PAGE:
else?  That’s the first thing I’ll throw out, orthodoxy and the Russian 
national feeling.

I’d also like to hear about the implications of this problem, because it seems 
that the implications of alcoholism in Russia are huge.  We’ve already 
mentioned demographics.  Russia is in a demographic crisis, but it will even go 
way beyond – way beyond that.  You know, the problem is as serious as it is.  

As I’ve read in the essays of Ms. Brown and Mr. Zubkov, it’s going to affect 
relations between men and women deeply.  What can one expect when one gets 
married?  The expectations are going to become low.  How do the sexes relate to 
each other?  How do the generations relate to each other when you have so many 
children raised in alcoholic households?

It just seems – it seems like a wound on marriage, childhood, social 
development, something that is going to in fact go beyond the problem of the 
person splayed out on the concrete, but it’s going to affect the mood and 
social relations of everybody in the country because it affects their 
expectations.  So that’s just kind of a big thing I throw out, if you have any 
comments on that.

Thirdly, it occurs to me that we’re also dealing with social attitudes here 
that are very hard to change, in that the attitude that hard drinking, drinking 
a bottle of vodka, you know, out-drinking your neighbor, the people who are 
with you at the table, becomes a kind of test of Russianness, and that’s very 
dangerous when a test of your patriotism becomes how much can you drink, or a 
test of manliness.

And the social attitudes often react negatively to pressure.  The more 
campaigns you have to change them, then the more certain milieus will dig in, 
and then it becomes an act of a rebellious spirit, of independence.  It’s very 
hard to attack these kinds of loaded attitudes without provoking a reaction 
that doesn’t undo anything that you – any progress you make.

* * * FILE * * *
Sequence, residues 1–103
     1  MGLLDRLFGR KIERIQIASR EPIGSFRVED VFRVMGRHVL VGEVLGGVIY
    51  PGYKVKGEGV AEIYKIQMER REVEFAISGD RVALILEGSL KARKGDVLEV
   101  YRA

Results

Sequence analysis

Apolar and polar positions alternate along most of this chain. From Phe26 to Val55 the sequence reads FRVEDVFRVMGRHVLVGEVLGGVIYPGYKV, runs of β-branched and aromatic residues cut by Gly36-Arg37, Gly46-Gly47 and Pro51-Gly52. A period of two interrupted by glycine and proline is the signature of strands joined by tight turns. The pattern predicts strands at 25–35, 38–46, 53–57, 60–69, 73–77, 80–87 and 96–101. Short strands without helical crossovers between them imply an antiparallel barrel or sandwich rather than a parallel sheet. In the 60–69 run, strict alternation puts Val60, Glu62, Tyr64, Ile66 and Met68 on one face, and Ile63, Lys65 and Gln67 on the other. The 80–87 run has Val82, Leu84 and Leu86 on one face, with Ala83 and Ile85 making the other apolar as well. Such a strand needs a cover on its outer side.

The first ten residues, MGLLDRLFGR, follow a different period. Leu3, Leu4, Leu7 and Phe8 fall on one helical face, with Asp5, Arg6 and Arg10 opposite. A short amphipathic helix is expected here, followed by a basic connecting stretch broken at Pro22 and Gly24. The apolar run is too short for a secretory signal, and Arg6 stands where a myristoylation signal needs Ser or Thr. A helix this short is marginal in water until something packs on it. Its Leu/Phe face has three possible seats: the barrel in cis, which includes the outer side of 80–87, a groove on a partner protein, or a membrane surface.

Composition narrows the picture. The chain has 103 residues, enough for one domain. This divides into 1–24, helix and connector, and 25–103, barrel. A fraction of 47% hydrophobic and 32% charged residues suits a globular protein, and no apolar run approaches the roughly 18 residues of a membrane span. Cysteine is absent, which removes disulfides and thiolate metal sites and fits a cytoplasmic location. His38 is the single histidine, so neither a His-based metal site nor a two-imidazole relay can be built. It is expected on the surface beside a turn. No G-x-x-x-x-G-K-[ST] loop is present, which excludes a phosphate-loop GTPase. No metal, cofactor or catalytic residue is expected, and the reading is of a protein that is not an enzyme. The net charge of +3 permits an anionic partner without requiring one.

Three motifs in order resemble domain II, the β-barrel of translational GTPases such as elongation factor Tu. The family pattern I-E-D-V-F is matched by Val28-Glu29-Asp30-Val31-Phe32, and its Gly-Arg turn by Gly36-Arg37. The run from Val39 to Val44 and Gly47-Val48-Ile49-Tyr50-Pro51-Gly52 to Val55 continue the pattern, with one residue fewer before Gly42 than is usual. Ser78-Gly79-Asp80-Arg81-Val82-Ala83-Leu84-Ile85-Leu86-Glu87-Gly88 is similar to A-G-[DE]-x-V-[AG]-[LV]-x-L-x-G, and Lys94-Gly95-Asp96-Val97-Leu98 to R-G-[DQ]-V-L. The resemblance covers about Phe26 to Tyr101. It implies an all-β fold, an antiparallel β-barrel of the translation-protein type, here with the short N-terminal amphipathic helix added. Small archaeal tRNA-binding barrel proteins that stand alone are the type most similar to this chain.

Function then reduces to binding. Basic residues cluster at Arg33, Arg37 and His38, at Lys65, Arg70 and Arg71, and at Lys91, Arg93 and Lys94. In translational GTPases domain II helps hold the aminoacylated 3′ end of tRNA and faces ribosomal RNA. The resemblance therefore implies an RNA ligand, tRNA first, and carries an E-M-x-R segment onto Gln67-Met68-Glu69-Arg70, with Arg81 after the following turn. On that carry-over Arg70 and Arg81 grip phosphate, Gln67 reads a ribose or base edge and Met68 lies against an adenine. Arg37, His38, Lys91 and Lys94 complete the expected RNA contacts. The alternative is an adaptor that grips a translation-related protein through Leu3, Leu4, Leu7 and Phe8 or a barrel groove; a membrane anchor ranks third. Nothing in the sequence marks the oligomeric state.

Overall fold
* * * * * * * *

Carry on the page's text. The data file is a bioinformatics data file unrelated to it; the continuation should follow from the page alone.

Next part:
So I’m just throwing a lot out there.  I would like to hear what either of you 
have to say.  

Ms. Brown?

MS. BROWN:  Sure.  I think as Medvedev and Putin do a tandem answering of the 
questions, you can jump in whenever you want.  

So, I guess I’ll take the third one, the question about social attitudes, 
first.  

I do think that their – and, again, you know, I will start my answer by saying 
I am an outsider.  I am not Russian.  So this is – what I say has to do with my 
observations over the years.

But in terms of social attitudes towards drinking, you know, when I observed my 
own responses over there, I realized how much I had internalized stereotypes 
about drinking in Russia, because after visiting the House of Hope, I went with 
some friends out to dinner, and some of the people were – actually, most of the 
people at the dinner were recovering alcoholics.  

So here we were in a group at restaurant on Nevsky Prospect in St. Petersburg, 
and we’re all sitting down to dinner and we’re all talking.  And I’m sitting 
there thinking, what’s missing?  Here we are, we’re all meeting, we’re 
celebrating.  Oh, yeah, we’re not toasting.  

Like, how is this possible?  We’re sitting in Russia celebrating something and 
we’re not toasting.  Is this really Russian?  Like, can you be Russian, can you 
have a Russian cultural celebration, a funeral, a meeting, an acquaintance, 
spend time together without drinking?  Hmm, you know?

And I do think that right now that’s something that Russians are asking 
themselves.  You know, and you might disagree with me, but I think that as the 
country starts to try to come to grips with why it can’t get out of its own way 
in terms of improving the situation, really starting to tackle alcoholism and 
move on, I think people are starting to say, you know, can we have Russian 
culture without having vodka involved?

And, you know, again, I alluded to this narcologist who Vladimir Putin has 
supported.  His name is Yevgeny Bryun, and he’s – I interviewed him.  He’s a 
lovely man.  But he supports the older method that Dr. Zubkov alluded to of 
using medications to treat alcohol instead of therapy.

And I feel that his approaches, which are – you know, when you’re sitting at 
the table drinking with your family and your friends and you’re getting drunk, 
take a walk around the table and open the windows so you don’t get too drunk.  
Or, you know, he said that he’s trying to improve policy by encouraging people 
to drink other kinds of alcohol, like beer and wine and not just vodka.  

So this is an educated, trained professional.  And he wants to help people.  I 
mean, he admits fully – he doesn’t try to put under the rug the fact that 
people have an alcoholism problem in Russia.

So I don’t know if that answers the question about social attitudes.  I mean, I